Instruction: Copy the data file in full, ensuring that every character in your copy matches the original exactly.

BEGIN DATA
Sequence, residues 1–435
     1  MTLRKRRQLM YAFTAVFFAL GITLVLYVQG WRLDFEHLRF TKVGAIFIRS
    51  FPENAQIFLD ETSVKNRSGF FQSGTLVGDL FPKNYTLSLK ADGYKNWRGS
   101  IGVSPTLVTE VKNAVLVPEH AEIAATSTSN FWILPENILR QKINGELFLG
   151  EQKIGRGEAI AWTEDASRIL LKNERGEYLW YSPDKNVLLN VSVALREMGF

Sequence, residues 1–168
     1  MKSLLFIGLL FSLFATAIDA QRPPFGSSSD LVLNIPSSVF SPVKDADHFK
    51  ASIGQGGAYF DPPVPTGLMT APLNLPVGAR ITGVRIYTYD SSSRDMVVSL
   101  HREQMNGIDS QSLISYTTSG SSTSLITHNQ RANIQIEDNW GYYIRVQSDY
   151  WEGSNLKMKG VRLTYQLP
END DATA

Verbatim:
Sequence, residues 1–435
     1  MTLRKRRQLM YAFTAVFFAL GITLVLYVQG WRLDFEHLRF TKVGAIFIRS
    51  FPENAQIFLD ETSVKNRSGF FQSGTLVGDL FPKNYTLSLK ADGYKNWRGS
   101  IGVSPTLVTE VKNAVLVPEH AEIAATSTSN FWILPENILR QKINGELFLG
   151  EQKIGRGEAI AWTEDASRIL LKNERGEYLW YSPDKNVLLN VSVALREMGF

Sequence, residues 1–168
     1  MKSLLFIGLL FSLFATAIDA QRPPFGSSSD LVLNIPSSVF SPVKDADHFK
    51  ASIGQGGAYF DPPVPTGLMT APLNLPVGAR ITGVRIYTYD SSSRDMVVSL
   101  HREQMNGIDS QSLISYTTSG SSTSLITHNQ RANIQIEDNW GYYIRVQSDY
   151  WEGSNLKMKG VRLTYQLP